ROME (AP) — Pope Francis on Tuesday formally created a new lay ministry to encourage greater participation of secular women and men in the teaching of the Catholic faith, especially in places where priests are in short supply. The new law creating the lay ministry of catechists officially recognizes for the universal Catholic Church a practice that has been used for centuries in local dioceses, and goes out of its way to emphasize women's participation in it. In many parts of the world, lay men and women introduce people to the Catholic faith, educate them on receiving the initial sacraments of baptism and Communion and accompany them in their faith journey. Soon, the Vatican’s liturgy office will publish a specific rite of installation to be used around the world when these lay catechists formally begin their ministry. Individual bishops conferences are being asked to develop guidelines to train them. It’s the latest reform by Francis to address longstanding complaints that lay people — and specifically women — have been shut out of all levels of church decision-making, governance and participation in favor of the all-male clerical class of priests, bishops and cardinals. Earlier this year Francis issued another law decreeing that women can be installed in the lay ministries of lectors, to read Scripture, and acolytes to serve on the altar as eucharistic ministers. Such roles had been officially reserved to men even though exceptions were made. Francis has firmly upheld Catholic doctrine that women cannot be ordained priests. He remains under pressure, however, to allow women to be deacons — ministers who perform many of the same functions as priests, such as presiding at weddings, baptisms and funerals. Currently, the ministry is reserved for men even though historians say the ministry was performed by women in the early church. The head of the Vatican’s evangelization office, Monsignor Rino Fisichella, denied that Francis' new lay ministries were a substitute for a possible female diaconate. He told reporters Tuesday that “each ministry has its uniqueness” with the lay faithful called to different ones. The Women’s Ordination Conference, which advocates for women priests, welcomed the new law as a long overdue affirmation of the “authentic vocational calls many women experience and the unique ways women enrich the church.” While repeating its call for the inclusion of women in ordained ministries of deacon and priest, it said the new law was evidence that “glacially, the Vatican is beginning to open its eyes to the possibility that women might be equal collaborators in faith.” In the new law, Francis recalled that throughout the history of the church, lay catechists have been fundamental in spreading the faith, particularly in mission territories. Nicole Winfield, The Associated Press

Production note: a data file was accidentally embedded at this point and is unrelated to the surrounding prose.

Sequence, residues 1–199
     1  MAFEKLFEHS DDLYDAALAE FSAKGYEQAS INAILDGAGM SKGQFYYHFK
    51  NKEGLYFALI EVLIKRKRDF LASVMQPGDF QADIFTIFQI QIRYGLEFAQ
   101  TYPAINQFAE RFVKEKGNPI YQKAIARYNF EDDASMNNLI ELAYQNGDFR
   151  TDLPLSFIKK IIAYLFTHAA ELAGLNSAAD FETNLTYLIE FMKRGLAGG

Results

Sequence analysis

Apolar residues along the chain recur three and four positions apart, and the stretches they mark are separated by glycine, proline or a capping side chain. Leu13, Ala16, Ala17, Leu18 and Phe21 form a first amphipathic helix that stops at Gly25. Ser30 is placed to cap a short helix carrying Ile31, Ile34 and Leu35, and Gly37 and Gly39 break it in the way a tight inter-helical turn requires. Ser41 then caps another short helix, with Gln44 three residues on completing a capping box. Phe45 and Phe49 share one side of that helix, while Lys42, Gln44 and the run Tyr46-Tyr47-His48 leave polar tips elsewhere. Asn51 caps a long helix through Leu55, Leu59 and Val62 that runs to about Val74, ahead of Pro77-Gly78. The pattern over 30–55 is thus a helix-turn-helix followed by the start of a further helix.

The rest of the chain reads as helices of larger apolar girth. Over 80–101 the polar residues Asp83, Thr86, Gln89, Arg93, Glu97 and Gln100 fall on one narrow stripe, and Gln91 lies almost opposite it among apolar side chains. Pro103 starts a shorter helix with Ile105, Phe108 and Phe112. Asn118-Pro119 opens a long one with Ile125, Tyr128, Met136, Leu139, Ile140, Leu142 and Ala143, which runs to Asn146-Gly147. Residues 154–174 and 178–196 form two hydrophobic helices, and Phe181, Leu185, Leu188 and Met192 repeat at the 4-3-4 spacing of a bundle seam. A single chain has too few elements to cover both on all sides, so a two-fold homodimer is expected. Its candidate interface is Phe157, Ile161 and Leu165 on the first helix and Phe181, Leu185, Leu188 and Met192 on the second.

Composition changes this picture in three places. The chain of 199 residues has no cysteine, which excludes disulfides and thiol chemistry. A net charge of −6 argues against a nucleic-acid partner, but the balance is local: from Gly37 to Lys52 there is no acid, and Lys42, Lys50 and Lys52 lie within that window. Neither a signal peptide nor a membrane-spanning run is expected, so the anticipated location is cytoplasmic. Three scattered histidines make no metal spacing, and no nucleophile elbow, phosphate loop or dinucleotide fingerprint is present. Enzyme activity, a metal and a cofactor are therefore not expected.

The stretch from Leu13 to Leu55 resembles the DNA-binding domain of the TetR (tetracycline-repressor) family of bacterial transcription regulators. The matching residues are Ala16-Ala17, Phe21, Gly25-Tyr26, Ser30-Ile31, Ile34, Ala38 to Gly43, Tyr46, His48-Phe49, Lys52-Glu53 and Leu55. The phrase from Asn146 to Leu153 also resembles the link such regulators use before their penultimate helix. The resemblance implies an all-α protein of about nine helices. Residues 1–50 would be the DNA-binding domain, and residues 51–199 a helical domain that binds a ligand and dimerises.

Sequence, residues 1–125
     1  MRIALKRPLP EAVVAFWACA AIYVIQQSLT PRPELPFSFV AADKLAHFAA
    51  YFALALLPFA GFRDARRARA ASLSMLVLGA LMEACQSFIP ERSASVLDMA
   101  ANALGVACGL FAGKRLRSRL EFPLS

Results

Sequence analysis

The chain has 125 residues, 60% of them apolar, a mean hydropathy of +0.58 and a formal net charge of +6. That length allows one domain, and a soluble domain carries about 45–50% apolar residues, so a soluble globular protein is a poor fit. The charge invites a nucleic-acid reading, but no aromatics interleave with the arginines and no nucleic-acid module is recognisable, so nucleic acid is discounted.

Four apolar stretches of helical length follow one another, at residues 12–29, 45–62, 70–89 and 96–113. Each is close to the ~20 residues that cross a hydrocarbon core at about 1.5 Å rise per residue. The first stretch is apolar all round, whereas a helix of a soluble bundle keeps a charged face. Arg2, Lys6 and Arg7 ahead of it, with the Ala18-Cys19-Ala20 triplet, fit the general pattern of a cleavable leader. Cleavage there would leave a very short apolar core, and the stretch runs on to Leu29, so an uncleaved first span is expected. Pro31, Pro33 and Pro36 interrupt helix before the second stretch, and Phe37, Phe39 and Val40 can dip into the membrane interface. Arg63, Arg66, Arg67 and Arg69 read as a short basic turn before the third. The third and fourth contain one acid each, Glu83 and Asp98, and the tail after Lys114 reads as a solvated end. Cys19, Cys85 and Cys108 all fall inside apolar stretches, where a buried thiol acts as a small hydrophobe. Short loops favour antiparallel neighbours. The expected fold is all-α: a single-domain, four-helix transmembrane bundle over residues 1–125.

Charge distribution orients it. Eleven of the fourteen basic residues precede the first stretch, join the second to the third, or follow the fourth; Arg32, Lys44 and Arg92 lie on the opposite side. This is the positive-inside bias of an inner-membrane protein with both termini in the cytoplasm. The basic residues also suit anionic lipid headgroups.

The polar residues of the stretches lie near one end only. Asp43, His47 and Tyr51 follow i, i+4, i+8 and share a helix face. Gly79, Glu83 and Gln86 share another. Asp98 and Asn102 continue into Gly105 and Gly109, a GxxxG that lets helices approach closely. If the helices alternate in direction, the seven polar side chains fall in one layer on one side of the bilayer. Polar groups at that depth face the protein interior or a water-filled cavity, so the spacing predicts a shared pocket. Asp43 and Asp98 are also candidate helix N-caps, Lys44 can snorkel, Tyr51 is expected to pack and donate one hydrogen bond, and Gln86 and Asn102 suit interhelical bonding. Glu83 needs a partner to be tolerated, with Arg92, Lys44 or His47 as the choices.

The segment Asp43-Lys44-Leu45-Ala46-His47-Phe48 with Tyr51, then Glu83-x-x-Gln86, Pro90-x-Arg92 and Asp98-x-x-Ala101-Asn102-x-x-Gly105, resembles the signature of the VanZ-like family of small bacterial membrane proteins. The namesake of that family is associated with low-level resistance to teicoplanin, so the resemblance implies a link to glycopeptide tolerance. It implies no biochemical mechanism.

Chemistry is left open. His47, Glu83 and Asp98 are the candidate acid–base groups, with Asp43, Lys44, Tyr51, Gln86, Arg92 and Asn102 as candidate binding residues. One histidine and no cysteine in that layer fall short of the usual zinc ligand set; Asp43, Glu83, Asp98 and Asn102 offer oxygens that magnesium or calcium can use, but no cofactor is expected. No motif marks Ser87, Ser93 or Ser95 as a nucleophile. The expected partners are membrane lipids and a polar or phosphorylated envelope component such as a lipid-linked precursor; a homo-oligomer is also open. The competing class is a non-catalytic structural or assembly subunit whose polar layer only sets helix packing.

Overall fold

The final chapter of a land claim dating back more than 100 years has finally been closed. On Monday, the Mosquito-Grizzly Bear's Head-Lean Man First Nation announced a final settlement with the federal government for $141 million, plus interest. In January, the Specific Land Claims Tribunal gave the First Nation a $121 million settlement, acknowledging that the surrender of the land was invalid and that the Crown had breached its duties to the First Nation. The increase in the settlement money came from the passage of time since the land was appraised in 2017, as well as loss of use stemming from the time of the appraisal. The settlement came after decades of advocacy by the First Nation's members over 5,800 hectares of reserve land taken by the federal government in the Battlefords area in 1905. "The award of $141 million is a huge success for the Mosquito-Grizzly Bear's Head and Lean Man First Nation," read a statement from Chief Tanya Aguilar-Antiman. "Our people have been seeking a fair and just settlement for the unlawful taking of our lands for more than 26 years." The land claim was started back in the 1990s and the First Nation spent decades negotiating with the government. "Although the facts in this claim were egregious, the Chief and Council are proud that Canada and the First Nation have taken a meaningful step toward reconciliation, as reflected in the agreement of the parties," said Chief Aguilar-Antiman.